As U.S.-backed Iraqi troops retake the last strongholds of the Islamic State in Iraq, the government in Baghdad and its international supporters must be ready to prevent a new round of conflicts in the country from turning violent, analysts said in a June 27 forum at the Heritage Foundation. The good news is that Iraqis have shown success in mediating disputes at the local level, said Sarhang Hamasaeed, director of Middle East programs at the U.S. Institute of Peace, which co-sponsored the discussion. Congressman Adam Kinzinger, an Illinois Republican, said only a U.S. foreign policy that includes that kind of conflict resolution can defeat radicalization and terror in the Middle East over the long run.

A man clears rubble from his front yard after it was damaged by an airstrike in the Rifai neighborhood of Mosul, Iraq, May 19, 2017.
A man clears rubble from his front yard after it was damaged by an airstrike in the Rifai neighborhood of Mosul, Iraq, May 19, 2017. Photo Courtesy of The New York Times/Ivor Prickett

ISIS’ brutal, three-year reign in northern Iraq is ending, but the area is at risk of new fighting among ethnic and communal groups, notably over violence under ISIS’ rule, Hamasaeed said. A 2007 peace accord among Sunni and Shia tribes at Mahmoudiya, south of Baghdad, offers a model for the work that may be needed around Mosul following ISIS’ military defeat, the analysts said. The agreement has helped stabilize that region for a decade. The accord was a joint project of a U.S. Army brigade, the U.S. Institute of Peace, a group of trained Iraqi peace facilitators, and local tribal leaders, noted retired Col. Mike Kershaw, who commanded the Army unit, the 2nd Brigade Combat Team of the 10th Mountain Division.

Urgency of Mosul, Lessons of Mahmoudiya

To stabilize areas recaptured from ISIS and prevent the group from exploiting a new round of communal fighting to sustain its violent extremist campaign, “Washington must work closely with Baghdad and other allies to prepare a post-liberation political framework for Mosul,” Heritage Foundation analyst James Phillips said.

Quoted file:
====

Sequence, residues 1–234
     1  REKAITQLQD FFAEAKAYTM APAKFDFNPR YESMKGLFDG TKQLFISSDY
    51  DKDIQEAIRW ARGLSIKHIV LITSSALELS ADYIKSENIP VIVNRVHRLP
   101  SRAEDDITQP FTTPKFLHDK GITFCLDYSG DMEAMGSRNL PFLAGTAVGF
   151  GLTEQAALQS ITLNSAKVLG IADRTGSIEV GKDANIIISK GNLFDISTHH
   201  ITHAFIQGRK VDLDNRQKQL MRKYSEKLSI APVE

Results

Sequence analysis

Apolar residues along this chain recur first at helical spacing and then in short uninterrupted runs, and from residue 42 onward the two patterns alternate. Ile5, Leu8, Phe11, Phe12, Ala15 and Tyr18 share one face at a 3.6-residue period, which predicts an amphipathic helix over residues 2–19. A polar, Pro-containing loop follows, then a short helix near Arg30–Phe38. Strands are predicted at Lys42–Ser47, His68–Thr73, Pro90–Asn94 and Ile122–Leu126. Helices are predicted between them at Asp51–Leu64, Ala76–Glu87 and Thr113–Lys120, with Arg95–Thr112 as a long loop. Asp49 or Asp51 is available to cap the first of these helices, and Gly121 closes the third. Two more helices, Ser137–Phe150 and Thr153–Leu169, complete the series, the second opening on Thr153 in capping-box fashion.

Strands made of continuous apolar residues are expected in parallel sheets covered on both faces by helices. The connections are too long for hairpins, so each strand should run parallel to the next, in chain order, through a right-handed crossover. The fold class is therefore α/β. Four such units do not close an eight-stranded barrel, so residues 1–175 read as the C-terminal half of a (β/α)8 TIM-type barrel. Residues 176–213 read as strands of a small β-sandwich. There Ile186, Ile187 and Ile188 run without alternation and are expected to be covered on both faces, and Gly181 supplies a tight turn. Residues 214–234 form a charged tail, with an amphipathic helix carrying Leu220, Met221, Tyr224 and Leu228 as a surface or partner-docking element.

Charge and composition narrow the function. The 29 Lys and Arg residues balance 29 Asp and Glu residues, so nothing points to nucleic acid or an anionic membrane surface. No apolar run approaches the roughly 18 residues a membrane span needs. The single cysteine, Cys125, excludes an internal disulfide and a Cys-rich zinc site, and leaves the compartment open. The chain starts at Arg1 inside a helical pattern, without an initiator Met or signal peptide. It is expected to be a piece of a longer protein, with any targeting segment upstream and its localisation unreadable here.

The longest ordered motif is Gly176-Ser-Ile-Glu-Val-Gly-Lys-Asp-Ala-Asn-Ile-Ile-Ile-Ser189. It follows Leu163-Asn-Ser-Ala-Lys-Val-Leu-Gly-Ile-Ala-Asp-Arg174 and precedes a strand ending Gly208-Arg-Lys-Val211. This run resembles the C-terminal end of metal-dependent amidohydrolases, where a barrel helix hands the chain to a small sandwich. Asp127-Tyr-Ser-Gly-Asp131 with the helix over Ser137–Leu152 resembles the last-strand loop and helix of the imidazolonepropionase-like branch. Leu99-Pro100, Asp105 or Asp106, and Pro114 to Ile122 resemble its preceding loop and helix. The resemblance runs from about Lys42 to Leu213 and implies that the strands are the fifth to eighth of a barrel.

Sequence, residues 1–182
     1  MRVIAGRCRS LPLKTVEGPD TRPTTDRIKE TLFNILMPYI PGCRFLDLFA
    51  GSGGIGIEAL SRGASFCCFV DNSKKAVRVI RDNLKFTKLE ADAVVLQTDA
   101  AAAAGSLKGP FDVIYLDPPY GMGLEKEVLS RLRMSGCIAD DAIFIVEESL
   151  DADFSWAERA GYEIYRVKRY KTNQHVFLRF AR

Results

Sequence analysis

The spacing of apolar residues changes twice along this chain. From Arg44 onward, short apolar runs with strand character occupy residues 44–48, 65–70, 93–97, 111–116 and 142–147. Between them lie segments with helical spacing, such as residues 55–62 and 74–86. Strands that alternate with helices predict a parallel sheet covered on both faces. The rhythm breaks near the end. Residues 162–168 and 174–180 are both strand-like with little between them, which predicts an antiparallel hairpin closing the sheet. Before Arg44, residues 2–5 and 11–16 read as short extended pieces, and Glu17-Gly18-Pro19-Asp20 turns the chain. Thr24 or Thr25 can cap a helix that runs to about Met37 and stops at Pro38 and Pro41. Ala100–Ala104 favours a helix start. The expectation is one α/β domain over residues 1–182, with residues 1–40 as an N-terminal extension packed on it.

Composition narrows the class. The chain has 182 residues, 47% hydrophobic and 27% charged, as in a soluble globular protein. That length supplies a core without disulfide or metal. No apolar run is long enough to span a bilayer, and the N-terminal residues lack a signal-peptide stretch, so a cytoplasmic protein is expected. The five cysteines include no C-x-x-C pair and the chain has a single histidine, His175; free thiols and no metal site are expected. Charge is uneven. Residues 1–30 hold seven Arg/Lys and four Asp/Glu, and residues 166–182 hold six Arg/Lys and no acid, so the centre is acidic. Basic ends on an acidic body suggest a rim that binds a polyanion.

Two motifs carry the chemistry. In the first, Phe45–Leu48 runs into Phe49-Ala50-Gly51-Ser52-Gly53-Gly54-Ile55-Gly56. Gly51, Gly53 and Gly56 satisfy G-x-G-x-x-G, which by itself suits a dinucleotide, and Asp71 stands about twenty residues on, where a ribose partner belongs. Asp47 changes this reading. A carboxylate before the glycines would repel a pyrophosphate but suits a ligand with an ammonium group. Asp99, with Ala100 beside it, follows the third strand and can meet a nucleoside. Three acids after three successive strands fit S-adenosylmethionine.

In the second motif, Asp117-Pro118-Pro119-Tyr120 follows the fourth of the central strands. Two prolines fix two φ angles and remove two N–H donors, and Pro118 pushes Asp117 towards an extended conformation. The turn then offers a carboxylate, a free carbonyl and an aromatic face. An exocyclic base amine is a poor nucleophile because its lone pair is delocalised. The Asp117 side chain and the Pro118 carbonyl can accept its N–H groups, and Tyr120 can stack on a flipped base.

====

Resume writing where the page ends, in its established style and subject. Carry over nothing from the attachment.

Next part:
Mosul after ISIS will be a wrecked city in a humanitarian crisis. The fight has so shattered the warren of buildings and alleys of Mosul’s Old City that “it is often hard to tell the difference between … indoors and outdoors,” Reuters news agency reported. With millions of Iraqis displaced by warfare, notably in refugee camps, extremists such as those of ISIS will target citizens with sectarian attacks and radicalization campaigns, Phillips noted. Those populations must be protected more effectively than has been done in the recent past, he said.

The military itself cannot defeat the mindset of radicalism.

Congressman Adam Kinzinger

Since the 2007 peace accord at Mahmoudiya, Iraqi mediators have guided similar agreements to prevent local violence in cities including Tikrit and Hawija, Hamasaeed said. Local tribes have agreed to forego traditional responses to conflict that called for blood vengeance or other types of compensation under tribal customs, and instead to use the Iraqi state’s judicial systems to seek justice, he said.

Congressman: Limits of Military Power

Kinzinger, an Air Force combat veteran, joined Kershaw in saying that the United States must not weaken the tools of diplomacy and conflict resolution in its foreign policy and national security toolbox.

“The fact is, the military itself cannot defeat the mindset of radicalism,” said Kinzinger, who serves on the House Foreign Affairs Committee. In the current budget season, those who “say we’ve got to bring down … groups that don’t do military, and plus-up the military alone,” Kinzinger said, are “failing to understand the fact that a bomb is way more expensive than investment in conflict mitigation—for instance, a group like the U.S. Institute of Peace.”

Kershaw noted that, once basic security was achieved at Mahmoudiya, reconciliation transformed what had been one of Iraq’s most violent regions in 2007.

While casualty figures “are somewhat morbid,” he said, “they are a currency in my line of work.” U.S. forces in the Mahmoudiya region had lost about 55 troops killed in action in each of the two years before the reconciliation project—and just one soldier in the year that followed the peace accord, he said.

“In the currency in which I devoted 34 years of my life,” he said, “those were the results that the U.S. Institute of Peace helped us—and … a lot of other U.S. soldiers—achieve.”

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